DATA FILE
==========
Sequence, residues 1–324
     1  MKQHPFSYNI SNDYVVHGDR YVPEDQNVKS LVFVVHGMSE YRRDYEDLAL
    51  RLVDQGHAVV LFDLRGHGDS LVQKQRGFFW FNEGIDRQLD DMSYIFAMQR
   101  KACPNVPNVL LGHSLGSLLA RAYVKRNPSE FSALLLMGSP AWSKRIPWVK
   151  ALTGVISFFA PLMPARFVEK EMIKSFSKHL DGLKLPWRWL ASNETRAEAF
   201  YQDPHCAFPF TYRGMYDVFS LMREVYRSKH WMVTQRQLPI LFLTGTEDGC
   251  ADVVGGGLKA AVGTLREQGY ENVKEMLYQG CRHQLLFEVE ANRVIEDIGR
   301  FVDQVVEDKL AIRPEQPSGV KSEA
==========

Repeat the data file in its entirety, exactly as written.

Sequence, residues 1–324
     1  MKQHPFSYNI SNDYVVHGDR YVPEDQNVKS LVFVVHGMSE YRRDYEDLAL
    51  RLVDQGHAVV LFDLRGHGDS LVQKQRGFFW FNEGIDRQLD DMSYIFAMQR
   101  KACPNVPNVL LGHSLGSLLA RAYVKRNPSE FSALLLMGSP AWSKRIPWVK
   151  ALTGVISFFA PLMPARFVEK EMIKSFSKHL DGLKLPWRWL ASNETRAEAF
   201  YQDPHCAFPF TYRGMYDVFS LMREVYRSKH WMVTQRQLPI LFLTGTEDGC
   251  ADVVGGGLKA AVGTLREQGY ENVKEMLYQG CRHQLLFEVE ANRVIEDIGR
   301  FVDQVVEDKL AIRPEQPSGV KSEA